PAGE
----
Photo: © Video-Installation Badel/Sarbach

Camouflage. Display to conceal

There is war in Europe again! What one had tried to prevent by all means after the catastrophes of the First and Second World Wars and had hardly thought possible after decades of peace – albeit only in our region of the world – has come to pass, to everyone’s horror. Omnipresent in the news coverage are the images of women and men in camouflage suits – a combat outfit that, surprisingly, is not that old.

Avant-garde and war

Camouflage clothing first came into use during the First World War. Whereas in the centuries before, uniforms sometimes featured bright and vivid colours, field grey first prevailed around 1910 in the face of new weapons and strategies. This also applied to the camouflage of ships and vehicles. It is well known that numerous artists such as Fernand Léger were not only repelled but rather impressed by the apocalyptic scenes of the front and saw in them a confirmation or stimulus for their artistic experiments.[1]  The practical work in which artists were called upon to design and execute camouflage patterns also influenced their work[2] , and even half a century later, the camouflage pattern inspired the American artist Andy Warhol to reconcile abstraction and representational depiction in the image.

Paradoxical patterns

In 1986, Andy Warhol began the series of “Camouflage Paintings”, screen prints up to three metres high and ten metres long, with which the artist deliberately competed with the monumental works of Abstract Expressionism simply because of their sheer dimensions.[3]  Warhol had already incorporated the abstract structures of Barnett Newman’s, Franz Kline’s or Clifford Still’s paintings, some of which were the result of chance and others of grandiose painterly gestures, in his paintings and especially in the screen prints of the early 1960s. In addition to the gestural hatchings in paintings such as Coca-Cola 1 and Coca-Cola 2[4], the screen prints from the series of “Torn Campbell’s Soup Cans” are particularly noteworthy here: Not only do the depictions of soup can labels torn off in narrow shreds imitate and satirise the dramatic “tears” in Clifford Still’s paintings and the “zips” in those of Barnett Newman; rather, the structures created in the process of masking off imitate both paste residues on the metal surfaces of soup cans and the abstract all-over pattern of Pollock’s paintings.[5]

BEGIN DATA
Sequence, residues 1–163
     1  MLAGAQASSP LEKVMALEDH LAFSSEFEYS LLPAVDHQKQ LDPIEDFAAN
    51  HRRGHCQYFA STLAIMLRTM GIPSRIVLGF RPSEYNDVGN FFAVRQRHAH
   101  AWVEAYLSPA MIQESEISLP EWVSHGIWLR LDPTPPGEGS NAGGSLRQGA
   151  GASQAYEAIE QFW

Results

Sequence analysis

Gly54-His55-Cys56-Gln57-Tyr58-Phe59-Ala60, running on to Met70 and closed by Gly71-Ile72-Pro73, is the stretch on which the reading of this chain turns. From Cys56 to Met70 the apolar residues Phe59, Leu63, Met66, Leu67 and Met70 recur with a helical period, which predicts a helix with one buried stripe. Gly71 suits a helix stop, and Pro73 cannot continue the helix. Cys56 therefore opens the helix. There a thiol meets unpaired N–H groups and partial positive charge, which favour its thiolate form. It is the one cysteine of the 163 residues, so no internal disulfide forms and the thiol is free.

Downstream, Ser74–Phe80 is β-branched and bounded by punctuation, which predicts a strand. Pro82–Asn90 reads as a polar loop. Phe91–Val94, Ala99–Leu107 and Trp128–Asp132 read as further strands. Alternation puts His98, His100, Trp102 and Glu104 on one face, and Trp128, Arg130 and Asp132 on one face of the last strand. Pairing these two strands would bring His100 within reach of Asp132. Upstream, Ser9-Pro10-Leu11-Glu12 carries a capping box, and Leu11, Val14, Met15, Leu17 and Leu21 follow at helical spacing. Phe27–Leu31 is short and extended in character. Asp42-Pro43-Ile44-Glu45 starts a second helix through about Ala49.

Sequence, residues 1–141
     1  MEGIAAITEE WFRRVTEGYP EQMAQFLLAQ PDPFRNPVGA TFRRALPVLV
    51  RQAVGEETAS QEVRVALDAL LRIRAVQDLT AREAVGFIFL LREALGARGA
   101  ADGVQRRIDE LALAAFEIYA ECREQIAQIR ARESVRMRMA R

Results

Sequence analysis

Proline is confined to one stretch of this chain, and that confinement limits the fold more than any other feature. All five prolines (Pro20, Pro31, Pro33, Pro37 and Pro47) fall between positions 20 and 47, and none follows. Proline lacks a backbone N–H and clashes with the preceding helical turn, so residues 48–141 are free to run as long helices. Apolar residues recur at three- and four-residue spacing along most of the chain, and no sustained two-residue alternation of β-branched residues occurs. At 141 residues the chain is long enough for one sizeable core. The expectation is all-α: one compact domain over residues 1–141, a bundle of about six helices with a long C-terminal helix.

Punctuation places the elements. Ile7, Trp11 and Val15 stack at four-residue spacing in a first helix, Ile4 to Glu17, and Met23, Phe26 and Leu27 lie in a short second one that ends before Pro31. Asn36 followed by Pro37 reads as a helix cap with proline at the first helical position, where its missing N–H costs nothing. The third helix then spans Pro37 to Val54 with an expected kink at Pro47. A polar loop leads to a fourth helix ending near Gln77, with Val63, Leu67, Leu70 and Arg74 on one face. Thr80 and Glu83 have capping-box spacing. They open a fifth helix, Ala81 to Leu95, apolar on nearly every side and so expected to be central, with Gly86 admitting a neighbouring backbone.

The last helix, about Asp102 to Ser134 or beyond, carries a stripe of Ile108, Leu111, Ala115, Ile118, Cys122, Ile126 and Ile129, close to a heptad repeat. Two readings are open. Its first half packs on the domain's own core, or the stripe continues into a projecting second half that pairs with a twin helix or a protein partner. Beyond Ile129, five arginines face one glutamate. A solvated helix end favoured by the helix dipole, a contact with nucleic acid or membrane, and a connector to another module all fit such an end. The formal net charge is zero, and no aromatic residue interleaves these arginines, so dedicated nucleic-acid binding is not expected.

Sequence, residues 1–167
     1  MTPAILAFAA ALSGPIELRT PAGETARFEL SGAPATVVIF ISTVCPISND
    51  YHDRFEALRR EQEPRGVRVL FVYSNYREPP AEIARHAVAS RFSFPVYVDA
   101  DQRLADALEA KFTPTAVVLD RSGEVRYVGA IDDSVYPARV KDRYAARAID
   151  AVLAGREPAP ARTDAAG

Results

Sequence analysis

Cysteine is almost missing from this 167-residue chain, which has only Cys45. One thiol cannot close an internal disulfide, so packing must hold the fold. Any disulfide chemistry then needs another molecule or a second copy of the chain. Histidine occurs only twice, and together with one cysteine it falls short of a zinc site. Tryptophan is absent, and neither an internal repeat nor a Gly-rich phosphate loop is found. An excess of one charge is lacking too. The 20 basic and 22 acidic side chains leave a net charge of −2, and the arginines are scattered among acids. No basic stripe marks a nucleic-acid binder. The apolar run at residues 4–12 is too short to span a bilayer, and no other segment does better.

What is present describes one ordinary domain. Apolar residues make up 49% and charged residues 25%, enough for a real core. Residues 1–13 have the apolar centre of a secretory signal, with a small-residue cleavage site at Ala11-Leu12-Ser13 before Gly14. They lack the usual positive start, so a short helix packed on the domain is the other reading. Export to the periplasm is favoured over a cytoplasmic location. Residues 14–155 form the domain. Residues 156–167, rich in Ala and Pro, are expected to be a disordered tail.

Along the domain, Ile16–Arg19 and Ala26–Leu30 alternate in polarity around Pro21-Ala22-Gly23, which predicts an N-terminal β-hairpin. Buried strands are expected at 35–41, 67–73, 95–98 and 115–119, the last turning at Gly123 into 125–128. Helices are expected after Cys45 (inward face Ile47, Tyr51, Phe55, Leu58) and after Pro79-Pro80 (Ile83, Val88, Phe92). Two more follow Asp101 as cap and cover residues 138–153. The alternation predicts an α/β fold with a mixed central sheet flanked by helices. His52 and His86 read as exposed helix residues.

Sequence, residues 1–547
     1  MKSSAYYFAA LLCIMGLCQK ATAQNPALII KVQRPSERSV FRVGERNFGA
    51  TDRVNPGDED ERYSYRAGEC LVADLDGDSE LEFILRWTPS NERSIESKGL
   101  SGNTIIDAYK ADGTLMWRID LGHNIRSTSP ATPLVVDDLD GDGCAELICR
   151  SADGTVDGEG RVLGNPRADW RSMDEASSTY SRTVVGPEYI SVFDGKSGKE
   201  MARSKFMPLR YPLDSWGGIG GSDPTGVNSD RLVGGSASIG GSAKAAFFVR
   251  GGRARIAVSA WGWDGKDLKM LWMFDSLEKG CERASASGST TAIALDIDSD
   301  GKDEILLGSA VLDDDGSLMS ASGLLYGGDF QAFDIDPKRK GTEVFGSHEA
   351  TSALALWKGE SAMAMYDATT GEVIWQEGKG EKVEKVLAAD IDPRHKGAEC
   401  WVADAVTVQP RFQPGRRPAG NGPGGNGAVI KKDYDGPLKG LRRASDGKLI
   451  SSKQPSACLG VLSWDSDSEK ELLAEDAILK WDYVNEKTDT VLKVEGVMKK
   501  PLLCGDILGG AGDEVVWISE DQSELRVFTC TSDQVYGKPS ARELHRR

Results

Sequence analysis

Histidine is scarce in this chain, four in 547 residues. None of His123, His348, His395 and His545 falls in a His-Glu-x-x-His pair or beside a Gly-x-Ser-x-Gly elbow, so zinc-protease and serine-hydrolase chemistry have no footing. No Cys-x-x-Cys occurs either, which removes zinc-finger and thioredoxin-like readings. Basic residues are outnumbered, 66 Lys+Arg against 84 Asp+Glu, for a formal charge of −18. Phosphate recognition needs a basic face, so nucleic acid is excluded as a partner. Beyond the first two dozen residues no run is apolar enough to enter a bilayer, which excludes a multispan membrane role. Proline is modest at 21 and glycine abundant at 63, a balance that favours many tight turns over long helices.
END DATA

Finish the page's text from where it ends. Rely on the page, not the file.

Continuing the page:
Apart from their deliberate proximity to Pollock’s all-over structures and their erotic implications[6], the “Camouflage Paintings” raised the question of the relationship between reality and image in an even more radical way in that they were nothing more, but also nothing less than “a printed fabric of a printed fabric” (Richardson). They can therefore be regarded as representational depictions of abstract art – comparable to Roy Lichtenstein’s “Brush Strokes” or Yves Klein’s assertion in 1958 that Kasimir Malevich had painted a still life of one of Klein’s “monochromes” with his black square.[7]

Moreover, the paradoxical character of the “Camouflage Paintings” is demonstrated by the fact that, like the “Rorschach Paintings” created since 1984, they are abstract paintings at first glance, but they use abstract patterns that are actually made to be seen representationally. For just as the randomly created symmetrical forms on the Rorschach panels, to which Warhol referred with his large-format knock-off paintings, are supposed to provide information about the subject’s psyche by means of representational association[8], camouflage also serves to conceal a person or an object by pretending to be something else.[9] 

This paradox is further heightened in Warhol’s late paintings, in which he overprinted representational motifs such as portraits with camouflage patterns: the opposing poles of portrait as a paradigm of mimesis and camouflage as mimesis for the sake of concealment touch in these works. In some pieces – such as Camouflage Beuys or Camouflage Self-Portrait, both 1986[10] – the contours of the representational depiction and those of the elements of the abstract patterns coincide in such a way that the two layers can no longer be separated.

Showing in order to make visible and showing in order to conceal: representational depiction and abstraction are no longer opposites in these late Warhol silkscreens, but fall paradoxically into one.  

Warmth, life and death